Lobby groups in climate change spotlight
Investors need to ask questions of companies to ensure that their public positions on climate change aren’t being undercut by their membership of controversial European lobby groups, says responsible investment charity ShareAction.
Independent research by the Policy Studies Institute at the University of Westminster highlights instances where companies claiming to support strong action to prevent climate change are simultaneously members of lobbying groups taking a very different line.
The research focused on a number of lobbying groups including EuroMetaux, which has argued that taxpayers should compensate companies for loss of revenue related to proposed emissions reduction targets. Its active lobbying against climate change mitigation is at odds with the more progressive public stance of member companies such as Rio Tinto Alcan, and Anglo American.
Another lobbying group identified in the research is Cefic, the European Chemical Industry council, which has said more ambitious EU climate change targets should only be implemented in the event of a global climate deal. Their stance arguing for delayed action appears to be at odds with the more progressive climate change stances of member companies such as Veolia Environment S.A., BAYER, Unilever, and Johnson & Johnson.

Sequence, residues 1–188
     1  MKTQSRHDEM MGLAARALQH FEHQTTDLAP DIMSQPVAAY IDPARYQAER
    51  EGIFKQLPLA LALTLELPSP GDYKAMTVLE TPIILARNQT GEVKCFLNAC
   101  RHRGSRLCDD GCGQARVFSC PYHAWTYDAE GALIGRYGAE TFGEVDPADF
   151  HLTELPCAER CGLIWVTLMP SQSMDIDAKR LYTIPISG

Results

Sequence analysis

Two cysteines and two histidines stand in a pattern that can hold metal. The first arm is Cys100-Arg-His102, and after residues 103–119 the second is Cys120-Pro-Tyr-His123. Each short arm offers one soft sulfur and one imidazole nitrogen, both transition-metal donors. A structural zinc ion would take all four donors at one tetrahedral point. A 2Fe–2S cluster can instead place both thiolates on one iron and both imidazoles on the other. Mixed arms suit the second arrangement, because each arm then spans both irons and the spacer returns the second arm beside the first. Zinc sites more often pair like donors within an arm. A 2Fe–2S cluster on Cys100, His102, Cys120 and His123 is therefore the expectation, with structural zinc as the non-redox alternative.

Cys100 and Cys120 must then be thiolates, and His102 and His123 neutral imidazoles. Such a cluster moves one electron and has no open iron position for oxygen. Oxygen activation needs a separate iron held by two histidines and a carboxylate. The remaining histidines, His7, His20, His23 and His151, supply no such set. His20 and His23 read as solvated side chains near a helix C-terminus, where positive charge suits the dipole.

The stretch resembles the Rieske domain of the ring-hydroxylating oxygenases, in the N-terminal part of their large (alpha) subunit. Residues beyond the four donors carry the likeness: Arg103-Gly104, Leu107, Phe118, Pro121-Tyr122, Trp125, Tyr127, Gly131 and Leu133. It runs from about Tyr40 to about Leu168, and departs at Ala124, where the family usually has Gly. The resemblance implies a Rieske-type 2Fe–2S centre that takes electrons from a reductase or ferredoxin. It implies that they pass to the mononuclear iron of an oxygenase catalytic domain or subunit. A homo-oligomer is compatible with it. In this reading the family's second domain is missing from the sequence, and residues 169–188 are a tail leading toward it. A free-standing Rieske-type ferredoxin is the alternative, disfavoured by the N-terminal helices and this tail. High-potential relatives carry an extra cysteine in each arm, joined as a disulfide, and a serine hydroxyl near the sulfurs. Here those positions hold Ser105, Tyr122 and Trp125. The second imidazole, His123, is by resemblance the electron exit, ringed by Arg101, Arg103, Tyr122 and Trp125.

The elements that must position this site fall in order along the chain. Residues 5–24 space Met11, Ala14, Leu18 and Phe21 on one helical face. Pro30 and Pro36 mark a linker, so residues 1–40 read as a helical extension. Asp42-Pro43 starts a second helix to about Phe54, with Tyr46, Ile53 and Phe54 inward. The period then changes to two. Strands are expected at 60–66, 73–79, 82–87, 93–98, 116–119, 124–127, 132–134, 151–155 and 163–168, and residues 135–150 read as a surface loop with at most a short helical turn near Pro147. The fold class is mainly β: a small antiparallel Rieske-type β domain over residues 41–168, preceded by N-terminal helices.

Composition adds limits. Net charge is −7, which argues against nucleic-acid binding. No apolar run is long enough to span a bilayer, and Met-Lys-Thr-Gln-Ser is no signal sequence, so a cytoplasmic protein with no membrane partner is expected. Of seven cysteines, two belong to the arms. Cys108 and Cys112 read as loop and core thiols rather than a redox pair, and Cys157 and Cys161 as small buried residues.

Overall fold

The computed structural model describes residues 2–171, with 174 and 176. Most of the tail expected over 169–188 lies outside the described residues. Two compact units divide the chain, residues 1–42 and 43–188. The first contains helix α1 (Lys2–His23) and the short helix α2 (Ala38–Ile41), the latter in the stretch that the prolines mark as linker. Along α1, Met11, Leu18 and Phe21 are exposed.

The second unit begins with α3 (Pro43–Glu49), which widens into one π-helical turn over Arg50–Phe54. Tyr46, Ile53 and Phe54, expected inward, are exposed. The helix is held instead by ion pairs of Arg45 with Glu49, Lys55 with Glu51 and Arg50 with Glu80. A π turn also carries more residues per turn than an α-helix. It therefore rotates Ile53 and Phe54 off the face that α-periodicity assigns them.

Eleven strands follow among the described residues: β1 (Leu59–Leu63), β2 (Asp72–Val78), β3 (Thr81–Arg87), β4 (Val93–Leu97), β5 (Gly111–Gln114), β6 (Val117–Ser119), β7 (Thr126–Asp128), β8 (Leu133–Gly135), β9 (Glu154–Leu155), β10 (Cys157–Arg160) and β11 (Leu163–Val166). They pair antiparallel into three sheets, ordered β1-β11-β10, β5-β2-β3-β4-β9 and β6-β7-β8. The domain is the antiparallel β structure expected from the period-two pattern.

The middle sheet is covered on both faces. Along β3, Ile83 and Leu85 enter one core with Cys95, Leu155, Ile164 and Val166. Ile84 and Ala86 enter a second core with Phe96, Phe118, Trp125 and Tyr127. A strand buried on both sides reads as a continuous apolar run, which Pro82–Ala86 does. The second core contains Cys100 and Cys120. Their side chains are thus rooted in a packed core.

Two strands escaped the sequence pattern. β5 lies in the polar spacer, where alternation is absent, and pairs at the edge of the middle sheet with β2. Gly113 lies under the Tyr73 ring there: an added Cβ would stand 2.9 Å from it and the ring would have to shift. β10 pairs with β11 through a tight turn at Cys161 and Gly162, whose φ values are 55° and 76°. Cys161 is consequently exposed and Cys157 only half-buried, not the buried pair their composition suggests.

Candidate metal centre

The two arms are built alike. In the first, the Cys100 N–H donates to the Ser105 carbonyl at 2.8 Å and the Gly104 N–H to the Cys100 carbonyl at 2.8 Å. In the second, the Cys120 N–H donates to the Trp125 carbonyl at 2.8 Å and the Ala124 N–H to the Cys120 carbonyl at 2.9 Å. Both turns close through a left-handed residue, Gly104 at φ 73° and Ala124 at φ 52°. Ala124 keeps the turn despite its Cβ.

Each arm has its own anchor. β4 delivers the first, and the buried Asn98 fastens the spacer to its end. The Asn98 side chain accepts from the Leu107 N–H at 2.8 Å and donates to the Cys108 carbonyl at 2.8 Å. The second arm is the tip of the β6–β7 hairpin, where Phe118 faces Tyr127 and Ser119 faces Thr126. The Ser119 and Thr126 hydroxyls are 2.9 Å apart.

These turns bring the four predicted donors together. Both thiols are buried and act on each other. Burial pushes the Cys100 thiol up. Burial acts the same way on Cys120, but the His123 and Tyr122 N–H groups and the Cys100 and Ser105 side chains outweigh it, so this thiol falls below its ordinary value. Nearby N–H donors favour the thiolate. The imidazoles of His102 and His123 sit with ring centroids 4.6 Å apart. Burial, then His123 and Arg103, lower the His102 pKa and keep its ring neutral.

Ben Fagan-Watson, lead author of the report and Research Fellow at PSI, commented: “Companies which are making strong commitments to deal with climate change need to ensure that their trade associations are singing from the same hymn sheet. The EU has been an international leader in taking policy measures to combat climate change. In the run-up to COP21 in Paris, this leadership should not be undermined by trade associations lobbying to protect narrow, short-term industrial interests at the expense of the EU economy and the global climate in the long term.”